Seasonal shifts in the movement and distribution of green sea turtles Chelonia mydas in response to anthropogenically altered water temperatures
Virginia Institute of Marine Science
Marine Ecology Progress Series
Anthropogenically altered water temperatures (AAWT) have the potential to affect the movement and distribution of marine ectothermic species. Green sea turtles (GSTs) Chelonia mydas are an ectothermic species observed inhabiting 2 sites with AAWT at the northern point of their geographical range in the eastern Pacific. An acoustic receiver array was deployed with temperature loggers at the San Gabriel River, Long Beach, CA, where 2 power plants discharge warm water into the river, and at the 7th St. Basin, Seal Beach, CA, a dredged shallow basin with warmer water compared to surrounding coastal habitats during the summer months. Juvenile GSTs (n = 22, straight carapace length = 45.2 to 96.8 cm) were tagged with acoustic transmitters. Turtles in the basin migrated into the river during winter months when temperatures dropped below 15°C. During the winter, turtles were most frequently detected at the river receiver stations adjacent to and downstream of the power plants. This suggests that GSTs use the warm effluent as a thermal refuge, avoiding colder areas upstream of the power plants and near the river mouth. In the summer, turtles were most frequently detected at receiver stations upstream of the power plants, potentially exploiting areas of the river with higher primary productivity. AAWT sustain the northernmost aggregation of GSTs in the eastern Pacific year round; however, based on GST thermal tolerance, this population is expected to change their movement patterns when the power plants discontinue discharging warm water by 2029.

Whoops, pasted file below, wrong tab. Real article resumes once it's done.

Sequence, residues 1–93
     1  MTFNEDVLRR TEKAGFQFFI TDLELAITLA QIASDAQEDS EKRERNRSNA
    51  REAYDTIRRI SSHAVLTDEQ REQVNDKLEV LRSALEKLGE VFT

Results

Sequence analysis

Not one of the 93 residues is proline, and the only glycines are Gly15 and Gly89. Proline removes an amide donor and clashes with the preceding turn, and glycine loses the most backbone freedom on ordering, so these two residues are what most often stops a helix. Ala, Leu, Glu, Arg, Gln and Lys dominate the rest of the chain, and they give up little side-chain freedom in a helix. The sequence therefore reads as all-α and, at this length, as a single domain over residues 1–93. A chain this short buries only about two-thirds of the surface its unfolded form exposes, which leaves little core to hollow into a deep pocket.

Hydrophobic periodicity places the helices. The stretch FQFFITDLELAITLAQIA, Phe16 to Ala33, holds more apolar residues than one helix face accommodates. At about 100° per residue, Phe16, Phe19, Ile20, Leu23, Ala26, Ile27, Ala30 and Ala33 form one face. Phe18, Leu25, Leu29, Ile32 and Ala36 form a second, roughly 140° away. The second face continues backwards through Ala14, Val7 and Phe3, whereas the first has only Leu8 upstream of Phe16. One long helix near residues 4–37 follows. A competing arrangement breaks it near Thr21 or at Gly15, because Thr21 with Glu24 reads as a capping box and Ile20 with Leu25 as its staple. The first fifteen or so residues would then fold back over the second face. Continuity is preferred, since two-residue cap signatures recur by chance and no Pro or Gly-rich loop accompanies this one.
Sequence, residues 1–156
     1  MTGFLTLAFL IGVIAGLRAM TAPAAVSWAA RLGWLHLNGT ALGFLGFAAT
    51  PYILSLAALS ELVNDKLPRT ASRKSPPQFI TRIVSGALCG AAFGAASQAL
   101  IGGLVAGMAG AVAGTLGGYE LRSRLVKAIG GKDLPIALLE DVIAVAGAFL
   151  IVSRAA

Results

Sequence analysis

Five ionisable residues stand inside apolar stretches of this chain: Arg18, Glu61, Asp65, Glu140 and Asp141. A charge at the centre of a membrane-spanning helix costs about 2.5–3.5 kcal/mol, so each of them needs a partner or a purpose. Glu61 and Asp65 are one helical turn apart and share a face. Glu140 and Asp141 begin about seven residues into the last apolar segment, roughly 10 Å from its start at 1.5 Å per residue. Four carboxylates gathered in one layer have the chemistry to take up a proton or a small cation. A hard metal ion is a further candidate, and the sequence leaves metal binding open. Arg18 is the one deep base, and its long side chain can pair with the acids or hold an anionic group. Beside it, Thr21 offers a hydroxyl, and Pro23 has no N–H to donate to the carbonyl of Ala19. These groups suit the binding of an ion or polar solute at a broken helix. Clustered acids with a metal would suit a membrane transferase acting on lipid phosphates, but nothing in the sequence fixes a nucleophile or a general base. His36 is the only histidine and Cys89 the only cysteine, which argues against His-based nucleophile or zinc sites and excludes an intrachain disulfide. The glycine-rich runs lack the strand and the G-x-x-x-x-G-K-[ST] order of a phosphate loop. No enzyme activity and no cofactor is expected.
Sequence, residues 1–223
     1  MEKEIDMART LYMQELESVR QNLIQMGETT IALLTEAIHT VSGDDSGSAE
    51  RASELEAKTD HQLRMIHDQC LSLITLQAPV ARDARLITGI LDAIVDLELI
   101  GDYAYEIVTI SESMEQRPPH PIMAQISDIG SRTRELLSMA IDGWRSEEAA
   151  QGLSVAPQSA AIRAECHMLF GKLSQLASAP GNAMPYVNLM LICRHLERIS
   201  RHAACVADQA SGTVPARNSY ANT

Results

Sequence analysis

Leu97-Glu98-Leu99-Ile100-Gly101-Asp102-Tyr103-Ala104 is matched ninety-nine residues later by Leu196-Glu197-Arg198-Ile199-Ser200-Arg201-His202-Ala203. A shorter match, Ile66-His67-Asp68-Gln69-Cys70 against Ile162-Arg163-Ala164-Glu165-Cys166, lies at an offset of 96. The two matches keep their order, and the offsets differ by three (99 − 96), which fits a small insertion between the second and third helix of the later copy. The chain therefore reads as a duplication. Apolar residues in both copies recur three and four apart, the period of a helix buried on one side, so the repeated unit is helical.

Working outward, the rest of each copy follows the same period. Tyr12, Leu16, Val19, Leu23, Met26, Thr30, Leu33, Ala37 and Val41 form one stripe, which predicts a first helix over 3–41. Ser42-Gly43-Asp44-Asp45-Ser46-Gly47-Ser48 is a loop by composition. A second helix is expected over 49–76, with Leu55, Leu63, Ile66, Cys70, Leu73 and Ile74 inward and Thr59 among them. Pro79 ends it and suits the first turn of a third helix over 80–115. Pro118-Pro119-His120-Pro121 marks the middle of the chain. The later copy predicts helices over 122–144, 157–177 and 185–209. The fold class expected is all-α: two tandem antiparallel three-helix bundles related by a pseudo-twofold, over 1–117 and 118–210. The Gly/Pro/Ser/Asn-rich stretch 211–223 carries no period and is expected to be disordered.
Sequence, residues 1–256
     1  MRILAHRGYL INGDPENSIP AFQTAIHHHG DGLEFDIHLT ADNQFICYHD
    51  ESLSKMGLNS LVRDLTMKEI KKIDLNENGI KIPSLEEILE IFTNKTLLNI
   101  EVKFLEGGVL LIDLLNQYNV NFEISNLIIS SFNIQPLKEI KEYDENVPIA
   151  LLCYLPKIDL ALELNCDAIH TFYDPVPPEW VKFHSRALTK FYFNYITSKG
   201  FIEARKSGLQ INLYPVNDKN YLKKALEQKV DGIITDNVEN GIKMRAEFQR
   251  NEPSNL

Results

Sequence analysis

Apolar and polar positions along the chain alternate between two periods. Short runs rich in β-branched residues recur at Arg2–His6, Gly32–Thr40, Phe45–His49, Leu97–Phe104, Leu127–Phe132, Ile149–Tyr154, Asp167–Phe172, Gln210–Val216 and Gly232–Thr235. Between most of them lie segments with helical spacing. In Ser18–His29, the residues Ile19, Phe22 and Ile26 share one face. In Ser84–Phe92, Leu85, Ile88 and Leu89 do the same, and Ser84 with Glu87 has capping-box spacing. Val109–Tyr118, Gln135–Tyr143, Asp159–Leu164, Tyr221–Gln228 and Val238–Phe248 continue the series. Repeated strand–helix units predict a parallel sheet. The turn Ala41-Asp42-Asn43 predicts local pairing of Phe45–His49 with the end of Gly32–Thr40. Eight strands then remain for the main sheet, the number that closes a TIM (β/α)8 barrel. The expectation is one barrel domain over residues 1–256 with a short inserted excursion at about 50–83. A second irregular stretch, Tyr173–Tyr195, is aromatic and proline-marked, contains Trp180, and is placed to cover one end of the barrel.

Thermal refuge · Ectotherm·Warmwater effluent · Power plants ·Acoustic telemetry
Crear, Daniel P.; Lawson, Daniel D.; Seminoff, Jeffrey A.; and et al, Seasonal shifts in the movement and distribution of green sea turtles Chelonia mydas in response to anthropogenically altered water temperatures (2016). Marine Ecology Progress Series, 548, 219-232.